Passion fashion

Dress yourself sustainably

Well dressed?

We all like to be seen wearing the right thing, whether we follow the 80's chic or office geek style. But do we know what we're really wearing?

When you look a little deeper into the throwaway culture of 'fast fashion' that has hit our streets, it's clear that we're bearing a lot more on our shoulders than just our latest shrug.


Here's some great reasons why it's so important.

Click on one for more info or just scroll down to read them all.

Climate change

Energy is used in every stage of clothes production, from farming the cotton to transporting the clothes to your wardrobe – with dying, cutting, sewing and packaging in between.


7 kgCO2 are released for every kg of cotton produced.1


The textile industry uses huge amounts of water. It takes up to 2,720 litres of water to produce one cotton t-shirt2 – that's about the amount of water that an average person drinks over 3 years!

Increasing demand for virgin clothes caused by our 'throwaway fashion' culture has added pressure to the pressing issue of water scarcity. Intensive cotton farming in Kazakhstan has reduced the Aral Sea to one-tenth of its original volume in just a few decades.3


Wildlife and ecosystems don't escape the adverse effects of the industry either; the synthetic fibre industry and the intensive use of pesticides and insecticides in cotton farming mean that toxic compounds find their way into the water systems.


Landfill space is in short supply, they're filling up fast and none of us wants a new one on our doorstep. The advent of 'fast fashion' has seen a dramatic increase in the amount of clothes sent to the landfill – on average, each of us now throws 30kg of clothes in the bin each year – the same as 120 t-shirts.

Charities sell un-wearable clothes as stuffing and rags, so even if that t-shirt has faded, stained and ripped, it’s still got life before landfill.

Child labour and working conditions

We've all heard of sweatshops. You may not have seen one, but chances are you've worn their produce. With stylishly embroidered tops costing as little as £6, there’s little chance of a fair wage being earned by all.

This has been the focus of campaigns for decades, and thankfully they're beginning to pay off. The collapse of a factory in Bangladesh in 2013 helped to re-ignite this discussion. But it's pretty difficult for retailers to monitor a chain of subcontractors and suppliers all around the world, so sadly the unfairness hasn't been completely uncovered.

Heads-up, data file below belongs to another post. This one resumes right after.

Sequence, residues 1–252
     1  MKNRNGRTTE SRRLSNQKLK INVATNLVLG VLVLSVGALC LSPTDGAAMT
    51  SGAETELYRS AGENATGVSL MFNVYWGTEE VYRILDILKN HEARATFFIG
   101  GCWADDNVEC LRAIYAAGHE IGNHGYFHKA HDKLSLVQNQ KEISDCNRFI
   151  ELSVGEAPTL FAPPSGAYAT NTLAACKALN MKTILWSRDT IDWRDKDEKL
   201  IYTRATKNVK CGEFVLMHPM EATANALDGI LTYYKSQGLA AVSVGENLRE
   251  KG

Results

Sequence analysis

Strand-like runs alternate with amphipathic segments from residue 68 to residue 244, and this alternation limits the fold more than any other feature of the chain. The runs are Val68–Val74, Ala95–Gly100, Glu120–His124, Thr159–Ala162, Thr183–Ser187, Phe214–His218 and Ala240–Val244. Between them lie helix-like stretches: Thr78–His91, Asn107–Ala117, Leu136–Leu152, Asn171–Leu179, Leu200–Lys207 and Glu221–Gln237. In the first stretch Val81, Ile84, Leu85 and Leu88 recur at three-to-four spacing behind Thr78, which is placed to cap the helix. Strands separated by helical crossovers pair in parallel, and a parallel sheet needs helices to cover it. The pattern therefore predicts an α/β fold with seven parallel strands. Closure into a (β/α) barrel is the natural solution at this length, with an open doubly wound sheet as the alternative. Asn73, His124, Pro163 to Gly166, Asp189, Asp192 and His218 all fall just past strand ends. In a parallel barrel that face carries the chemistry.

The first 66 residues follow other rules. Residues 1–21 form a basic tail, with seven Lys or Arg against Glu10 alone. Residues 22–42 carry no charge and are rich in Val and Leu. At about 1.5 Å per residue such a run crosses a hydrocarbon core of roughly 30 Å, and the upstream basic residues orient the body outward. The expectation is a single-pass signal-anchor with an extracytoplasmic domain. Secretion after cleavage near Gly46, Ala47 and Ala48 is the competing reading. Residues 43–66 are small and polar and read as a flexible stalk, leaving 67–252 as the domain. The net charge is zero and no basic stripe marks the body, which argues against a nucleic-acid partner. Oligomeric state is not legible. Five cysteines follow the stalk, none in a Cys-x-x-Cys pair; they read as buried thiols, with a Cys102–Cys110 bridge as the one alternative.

The average Brit spends £780 a year on clothes.4 By buying better-made, longer-lasting clothes you could save yourself a lot of money - even if it means spending a little more upfront.


The Love Your Clothes site is a wealth of information, have a browse. Here our our own top three tips:

1. Clothes swap: find or host a Swishing party. Invite your friends over and ask them to bring a lovely but unloved piece of clothing so that someone else can fall in love with it. Everyone goes home with a revived wardrobe and full wallets. Alternatively, check out the Vinted app - a great online app that lets you sell and swap unwanted clothes. Brilliant!

2. Charity shop: take a gander around your local charity shop, you might just be in for a surprise. Check out where they are through this charity shop listing.

3. Buy to last: if you really can’t resist buying something new, make sure it’s made to last, and under fair working conditions. And if it’s cotton, make it organic cotton. Have a look at People Tree for sustainable and ethical clothing.

Success Stories


in total



Completely changed my outlook on buying new clothes. Only exception being pants and socks!!! Really difficult to buy those second hand (and not very hygienic!) but overall will not be buying new clothes. Even as gifts! been gifting unwanted clothes to friends and family and donated 4 bags of clothes to charity! Now for my next challenge....

It was really good fun to have a challenge like this - my bank balance loved it too!I have started to think more about ethical sources for fashion, including how, for example, cottons are grown and manufactured.

It was a great test for myself and I learnt that I don't have to buy clothes as often as I previously had and I saved lots of money too! :-)

Definitely continuing on with this one. I've already noticed a change in how I view the retail environment.


  1. Berners-Lee, M (2010) How Bad Are Bananas?
  2. Water and Cotton - Environmental Justice Foundation
  3. Aral Sea Story - National Geographic
  4. Are We Well Dressed?, 2006, Institute of Manufacturing, University of Cambridge


 3.  Do The Green Thing 


  • Filter:

  • All ()

  • ()


See more